• Equation 10 above shows the Laplacian operator for the 1D case, because the Laplacian operator can be easily shown as a matrix acting on a vector for the 1D case. In higher dimensionalities the Laplacian operator also can be expressed as a matrix, but because the arrangements of neighboring points in 2D or 3D space cannot be represented as a natural vector, the matrix will look like a sparse matrix, rather than the near diagonal one in the case of 1D geometry. For example, if the points in 3D space are numbered as in the example of FIG. 15, then the portion of the Laplacian operator acting on these points and centered at the point 1, will be as the following: Lx = X 2 - 2 X 1 + X 3 + Y 2 - 2 Y 1 + Y 3 + Z 2 - 2 Z 1 + Z 3 + X 7 - 2 X 1 + X 6 + Y 7 - 2 Y 1 + Y 6 + Z 7 - 2 Z 1 + Z 6 + X 5 - 2 X 1 + X 4 + Y 5 - 2 Y 1 + Y 4 + Z 5 - 2 Z 1 + Z 4
    In this example, the so-called 6-point scheme is used to calculate the Laplacian, but there are many other well-known schemes that can be used instead. It should be appreciated that for the 3D case the regularization procedure involves more spatial points than in 2D case. This may partially explain why in the 3D case faster convergence (with only 5 iterations required) has been observed than that compared with the CG method applied in 2D case.
  • The regularized analog of Equation 3 has the form: min x ( i = 1 i = M P i x - f i + γ Lx ) ( 11 )
    where γ≧0 is the regularization parameter. The corresponding analog of Equation 7 will have a new, regularized, matrix A of the form A = i = 1 i = M P i T P i + γ L T L ( 12 )
  • With γ=0, one has the original, unregularized equation, and with γ→∞ one has an equation with a constant as a solution. Potential values of the regularization parameter γ that may be utilized for the CG method in embodiments of the present invention for processing 2D images to reconstruct 3D images are described further herein below.
  • As an example, a test scene is shown in the example of FIGS. 5A-5D, wherein the test scene includes basic geometrical primitives commonly found in the inspection of circuit printed boards. The example test scene 500 comprises four geometrical primitives: two spheres 501 and 502, a cylinder 503, and a box 504. The primitives are combined into a compact group in which box 504 partially penetrates into spheres 501 and 502 and cylinder 503. But, as described below, a cross-section in the overlapped area is taken from the corresponding bodies, not from the box in this example. The scene's volume consists of 32*32*32 voxels in this example.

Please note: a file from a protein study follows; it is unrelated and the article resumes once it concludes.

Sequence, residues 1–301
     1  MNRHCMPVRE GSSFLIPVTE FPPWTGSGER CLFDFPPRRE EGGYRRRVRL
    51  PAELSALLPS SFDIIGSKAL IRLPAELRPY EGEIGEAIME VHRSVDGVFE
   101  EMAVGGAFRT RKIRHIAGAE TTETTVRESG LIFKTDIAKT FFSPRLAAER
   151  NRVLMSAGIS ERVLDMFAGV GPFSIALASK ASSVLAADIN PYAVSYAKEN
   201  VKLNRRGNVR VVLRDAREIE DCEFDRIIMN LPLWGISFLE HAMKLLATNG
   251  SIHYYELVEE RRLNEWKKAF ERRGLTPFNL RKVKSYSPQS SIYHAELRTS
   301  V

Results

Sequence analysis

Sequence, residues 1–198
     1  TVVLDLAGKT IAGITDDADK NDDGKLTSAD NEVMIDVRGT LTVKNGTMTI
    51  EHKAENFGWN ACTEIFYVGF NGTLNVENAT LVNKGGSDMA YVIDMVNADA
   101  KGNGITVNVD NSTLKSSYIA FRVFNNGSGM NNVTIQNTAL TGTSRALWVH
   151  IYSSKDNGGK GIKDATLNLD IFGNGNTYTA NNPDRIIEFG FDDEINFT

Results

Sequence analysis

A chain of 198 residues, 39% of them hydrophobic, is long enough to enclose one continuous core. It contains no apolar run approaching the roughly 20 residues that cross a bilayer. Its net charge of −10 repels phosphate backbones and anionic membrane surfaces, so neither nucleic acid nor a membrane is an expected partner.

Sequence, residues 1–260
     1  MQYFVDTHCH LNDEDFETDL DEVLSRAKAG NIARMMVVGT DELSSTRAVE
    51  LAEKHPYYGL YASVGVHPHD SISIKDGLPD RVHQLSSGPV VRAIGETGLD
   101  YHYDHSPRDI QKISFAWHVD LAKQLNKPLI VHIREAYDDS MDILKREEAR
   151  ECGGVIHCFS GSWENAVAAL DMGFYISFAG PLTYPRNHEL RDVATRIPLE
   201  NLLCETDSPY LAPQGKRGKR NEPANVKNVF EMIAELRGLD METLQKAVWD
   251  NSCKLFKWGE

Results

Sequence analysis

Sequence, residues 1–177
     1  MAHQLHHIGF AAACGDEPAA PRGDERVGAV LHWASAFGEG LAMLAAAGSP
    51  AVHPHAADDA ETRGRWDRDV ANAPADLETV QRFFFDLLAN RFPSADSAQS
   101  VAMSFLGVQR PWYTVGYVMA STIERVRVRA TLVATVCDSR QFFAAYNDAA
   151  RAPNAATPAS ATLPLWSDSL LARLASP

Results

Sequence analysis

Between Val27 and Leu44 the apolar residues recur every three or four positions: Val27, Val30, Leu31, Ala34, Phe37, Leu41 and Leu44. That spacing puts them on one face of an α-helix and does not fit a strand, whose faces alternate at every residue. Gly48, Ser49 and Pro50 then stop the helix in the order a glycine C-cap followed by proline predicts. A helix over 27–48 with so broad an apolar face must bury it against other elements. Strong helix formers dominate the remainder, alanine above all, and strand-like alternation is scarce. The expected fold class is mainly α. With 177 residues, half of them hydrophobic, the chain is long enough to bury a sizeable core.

• The exact locations, sizes, and X-ray cross-sections are shown in the dialog of FIG. 6. It should be noted that the primitives are also each assigned a rank in the dialog of FIG. 6. For instance, box 504 is assigned a rank of 1, cylinder 503 is assigned a rank of 2, ball 501 is assigned a rank of 3, and ball 502 is assigned a rank of 4. The rank of the primitives defines the cross-section for the volume where two or more primitives intersect each other: the cross-section is taken from the highest ranked primitive. For example, inside the volume where ball 501 intersects box 504, the cross section of ball 501 is taken as the cross section of the volume because such ball 501 has the (superior) rank 3, while box 504 has rank 1.
  • The scene 500 is illuminated by point-like sources 505 arranged at the top of the scene (4*4=16 sources 505 in this example). The X-ray sources 505 produce parallel beams going in the direction from the point sources 505 to the center of the bottom of the scene geometry (which comprises sensor(s) for capturing the resulting 2D image data). All other rays in the same beam are parallel to the guiding ray. A flat “registration plane” 506 is located at the bottom of the scene geometry, and contains a matrix sensors for capturing 32*32 pixels, in this example. In the overall design, the test scene geometry is similar to what one may expect in a real-life imaging device, such as the above-described cone-beam imaging devices, with illumination angles varying between 00 and 450. The compact location of spheres 501 and 502 represents the cases with ball grid arrays (BGAs), and box 504 represents the problem handling an object having parallel top and bottom surfaces. For example, if a box covers the whole span of the scene in the X and Y direction, generally speaking, there is no way one can recover the Z-position for the top and bottom surfaces of the box. In our case, the box covers only a part of the X-Y span, but it still has a size big enough to challenge the algorithm.
  • To show the result of computation, the 3D volume is represented by 2D slices. In my example case 32 slides combined into a tile 700, as shown in FIG. 7. The brighter the image, the higher the X-ray absorption in the cross-section. Cross-sections of example scene 500 are represented by 32 slices in the Z-direction, starting from the bottom of the scene (shown as slide 1 in tile 700). To make the box 504 clear visible, the picture is calculated as the log-normalized one from the original (linear density) picture, in which the cross-section for the box 504 looks dim. Special normalizations (like the log-norm in this example) are often used to improve the visibility of details in the picture.
  • The goal of 3D tomography is to reconstruct 3D image data (e.g., 3D cross-sections, such as shown in tile 700 of FIG. 7) from a set of 2D X-ray images captured by registration plane 506. In this test geometry, the 2D X-ray images are as shown in FIGS. 8A and 8B. FIGS. 8A and 8B each shows a set of 2D X-ray images obtained from 16 different directions of X-ray beams (16 different “angles of view” or “fields of view”) by registration plane 506. FIG. 8A is shown in the linear scale, and FIG. 8B is shown after the log-norm transformation highlighting the projection of box 504, which is poorly visible in the linear-scaled images of FIG. 8A.